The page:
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What You Need to Know About NEC 2017’s New Solar Code

If you’re looking to install solar panels, you may have heard some buzz around the changing National Electric Code and its impacts on PV solar. To keep up with the evolving industry, the National Electrical Code (or NEC) is updated every three years. Despite its name, the NEC is not federal law. It is adopted on state or municipality levels to standardize industry practices and keep people safe.

You may hear NEC 2017 and question why something from a few years ago is just now being instated. Some states take a few years before making the new code effective. As of March 2019, 28 states have at least partially initiated the new code. However, most states in the Mid Atlantic are under the previous code, NEC 2014, but are actively converting to NEC 2017.

nec 2017 map of mid-atlantic


  • Delaware - NEC 2014 is in effect. Update to NEC 2017 is underway, but no effective date has been established.
  • Maryland - NEC 2014 is in effect. Update to NEC 2017 is underway and will be in effect as of January 1, 2020.
  • New Jersey - NEC 2014 is in effect. Update to NEC 2017 is underway, but no effective date has been established.
  • New York - NEC 2014 is in effect. Update to NEC 2017 is underway, but no effective date has been established.
  • Ohio - NEC 2017 update is complete for commercial projects, and one-, two-, and three-family dwellings will be effective as of July 1, 2019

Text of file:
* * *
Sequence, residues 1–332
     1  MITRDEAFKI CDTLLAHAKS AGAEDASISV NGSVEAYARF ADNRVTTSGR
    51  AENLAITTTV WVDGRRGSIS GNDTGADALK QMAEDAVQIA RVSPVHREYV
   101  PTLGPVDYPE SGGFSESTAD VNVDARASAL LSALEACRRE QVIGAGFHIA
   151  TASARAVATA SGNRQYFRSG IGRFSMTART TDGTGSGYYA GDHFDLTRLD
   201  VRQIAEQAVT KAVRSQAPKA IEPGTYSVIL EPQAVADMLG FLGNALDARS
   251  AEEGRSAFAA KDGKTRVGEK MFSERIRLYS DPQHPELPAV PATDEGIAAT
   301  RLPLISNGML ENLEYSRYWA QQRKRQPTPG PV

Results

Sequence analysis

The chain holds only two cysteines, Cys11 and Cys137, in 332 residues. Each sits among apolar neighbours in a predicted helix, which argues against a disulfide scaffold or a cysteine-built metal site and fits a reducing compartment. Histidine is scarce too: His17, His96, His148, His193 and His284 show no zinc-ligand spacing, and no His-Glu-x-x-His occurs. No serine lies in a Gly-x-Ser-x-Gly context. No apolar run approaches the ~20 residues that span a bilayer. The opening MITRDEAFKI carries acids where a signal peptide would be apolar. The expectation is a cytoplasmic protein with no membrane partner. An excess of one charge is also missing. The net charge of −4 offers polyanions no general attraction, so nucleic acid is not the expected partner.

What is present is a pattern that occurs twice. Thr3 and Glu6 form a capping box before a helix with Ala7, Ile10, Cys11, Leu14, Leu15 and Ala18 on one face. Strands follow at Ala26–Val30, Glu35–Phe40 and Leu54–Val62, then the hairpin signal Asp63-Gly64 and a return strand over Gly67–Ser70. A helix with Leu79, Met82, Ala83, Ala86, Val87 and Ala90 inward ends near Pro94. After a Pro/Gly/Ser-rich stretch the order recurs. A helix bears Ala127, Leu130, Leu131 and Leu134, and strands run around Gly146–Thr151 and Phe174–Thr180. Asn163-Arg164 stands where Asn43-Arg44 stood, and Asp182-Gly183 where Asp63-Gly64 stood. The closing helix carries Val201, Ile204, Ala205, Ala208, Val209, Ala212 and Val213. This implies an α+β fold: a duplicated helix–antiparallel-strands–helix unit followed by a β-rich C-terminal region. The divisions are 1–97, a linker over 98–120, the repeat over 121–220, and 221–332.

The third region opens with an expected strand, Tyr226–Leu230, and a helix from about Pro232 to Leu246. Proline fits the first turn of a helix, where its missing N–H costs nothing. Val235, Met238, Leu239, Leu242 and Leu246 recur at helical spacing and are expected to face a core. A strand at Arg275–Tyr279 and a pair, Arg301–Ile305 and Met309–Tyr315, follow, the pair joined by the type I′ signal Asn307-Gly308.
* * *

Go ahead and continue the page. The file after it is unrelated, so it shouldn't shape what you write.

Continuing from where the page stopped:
• Pennsylvania - NEC 2014 is in effect.
  • Virginia - NEC 2014 is in effect.

For other states, check out NFPA’s Adoption and Use Map.

If you’re considering going solar, NEC 2017 has either already come to your state, or will within the next few months or years. Though your solar installer should do the heavy lifting, it’s important to understand NEC 2017 solar requirements and what changes this update brings.

How NEC 2017 Requirements Will Impact Your New Solar Installation

The biggest change to the code has to do with more strict rapid shutdown requirements. Read on to learn how these changes will impact your system.

Rapid Shutdown - What Is It and Why Do I Need It?

rapid shutdown switch on an inverter The red switch to the left of the picture is an RSS for a solar system.

A big part of the NEC 2017 update has to do with rapid shutdown. Rapid shutdown is the ability to quickly shut off voltage coming from your solar system. All systems on buildings should include this function, whether your system is on your farm, business, or home. A rapid shutdown switch (also called an initiation device) needs to be installed in an easily accessible location, like next to the utility meter.

Though solar panels are entirely safe to have on your roof or near your building, rapid shutdown was initiated to protect first responders in the event of an emergency, giving them clear and safe access to your roof or the solar array. It ensures no exposed wiring will pose a threat to them while they’re doing the amazing things they do to keep us all safe.

There are a few ways this can be achieved: